The Decades TV Network recently put out a video detailing the history of the camera. For a while, the consumer versions dominated the scene. These versions had two ISO settings: 100 and 600. Otherwise, you couldn’t change anything at all with the camera’s output. However, there was a return to the professional options: and one of them was the Polaroid 185 though the Polaroid 190 is probably one of the more famous options.
The Polaroid 100 is maybe the most famous consumer oriented version of the camera, though finding one in good condition is tough to do. You see, if you go to a thrift shop and see one, a rep will probably tell you that the camera didn’t use batteries and doesn’t need them. But that couldn’t be further from the truth. The consumer cameras all had batteries. In some cases, the previous owners left them in the camera and the batteries exploded–therefore causing damage to the camera. So you usually have to get some sort of conversion done.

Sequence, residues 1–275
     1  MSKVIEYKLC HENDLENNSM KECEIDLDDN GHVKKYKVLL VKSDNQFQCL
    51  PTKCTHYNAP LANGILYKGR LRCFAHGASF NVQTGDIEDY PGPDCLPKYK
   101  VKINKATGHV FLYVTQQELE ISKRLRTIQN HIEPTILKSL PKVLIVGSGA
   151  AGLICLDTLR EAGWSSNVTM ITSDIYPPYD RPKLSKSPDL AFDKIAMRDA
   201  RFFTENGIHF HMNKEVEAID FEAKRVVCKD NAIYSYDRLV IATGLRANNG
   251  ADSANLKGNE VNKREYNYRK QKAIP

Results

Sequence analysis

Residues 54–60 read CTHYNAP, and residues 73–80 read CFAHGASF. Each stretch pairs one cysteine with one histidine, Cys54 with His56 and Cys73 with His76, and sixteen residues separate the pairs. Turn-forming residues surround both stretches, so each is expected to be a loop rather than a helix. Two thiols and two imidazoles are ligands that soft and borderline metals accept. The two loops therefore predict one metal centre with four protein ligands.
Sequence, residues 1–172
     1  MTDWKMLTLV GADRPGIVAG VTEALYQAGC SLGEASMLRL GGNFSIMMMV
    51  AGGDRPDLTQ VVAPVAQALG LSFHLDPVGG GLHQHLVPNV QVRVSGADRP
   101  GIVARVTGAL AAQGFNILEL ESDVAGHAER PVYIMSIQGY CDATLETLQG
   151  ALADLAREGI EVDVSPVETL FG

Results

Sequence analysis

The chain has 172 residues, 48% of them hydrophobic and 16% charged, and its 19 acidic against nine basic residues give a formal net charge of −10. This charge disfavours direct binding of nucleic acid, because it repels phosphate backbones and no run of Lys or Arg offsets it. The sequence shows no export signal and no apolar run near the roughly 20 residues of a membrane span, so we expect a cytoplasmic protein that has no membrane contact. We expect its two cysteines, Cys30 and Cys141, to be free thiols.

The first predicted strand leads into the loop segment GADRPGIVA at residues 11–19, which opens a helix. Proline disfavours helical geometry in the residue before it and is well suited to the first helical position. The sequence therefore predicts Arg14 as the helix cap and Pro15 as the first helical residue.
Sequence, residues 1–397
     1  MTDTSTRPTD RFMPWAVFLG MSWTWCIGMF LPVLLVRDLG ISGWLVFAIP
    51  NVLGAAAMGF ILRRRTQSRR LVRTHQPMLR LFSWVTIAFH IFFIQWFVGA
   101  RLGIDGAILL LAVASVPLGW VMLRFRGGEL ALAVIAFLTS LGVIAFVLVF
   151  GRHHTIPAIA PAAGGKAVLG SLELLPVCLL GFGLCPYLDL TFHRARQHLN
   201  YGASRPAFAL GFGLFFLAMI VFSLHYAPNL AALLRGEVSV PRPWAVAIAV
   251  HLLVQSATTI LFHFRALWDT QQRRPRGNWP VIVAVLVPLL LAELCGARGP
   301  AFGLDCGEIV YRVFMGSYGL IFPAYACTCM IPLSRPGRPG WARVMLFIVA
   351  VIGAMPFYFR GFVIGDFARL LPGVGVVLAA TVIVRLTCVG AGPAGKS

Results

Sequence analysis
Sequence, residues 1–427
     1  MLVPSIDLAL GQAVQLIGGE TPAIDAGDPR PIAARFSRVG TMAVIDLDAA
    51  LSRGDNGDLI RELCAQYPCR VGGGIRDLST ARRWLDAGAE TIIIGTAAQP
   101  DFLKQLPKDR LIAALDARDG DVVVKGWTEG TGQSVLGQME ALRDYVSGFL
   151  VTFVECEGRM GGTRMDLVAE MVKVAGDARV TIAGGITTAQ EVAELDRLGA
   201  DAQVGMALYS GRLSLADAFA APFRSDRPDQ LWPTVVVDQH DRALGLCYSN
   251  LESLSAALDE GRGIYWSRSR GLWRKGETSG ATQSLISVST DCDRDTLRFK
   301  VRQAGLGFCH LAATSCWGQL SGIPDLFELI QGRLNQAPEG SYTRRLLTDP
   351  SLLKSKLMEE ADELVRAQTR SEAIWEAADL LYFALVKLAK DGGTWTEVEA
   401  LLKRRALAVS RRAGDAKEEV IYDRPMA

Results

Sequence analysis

But then there are other problems with the wiring and the light meter not working. In fact, finding one in good condition should really be done in person if you’re going to purchase one. Plus, you should check the bellows to ensure that they’re perfectly in tact and that the rangefinder seems accurate.
Polaroid also had a lens filter set for the camera. UV filters are very necessary and sometime the lens hood or the warming filter may be useful.
Unfortunately, the film designed to be used in these cameras isn’t being made anymore. But you can still pick up Fujifilm 100C or Fujifilm 3000B if you can get your hands on them. Hopefully Florian Kaps gets it revived.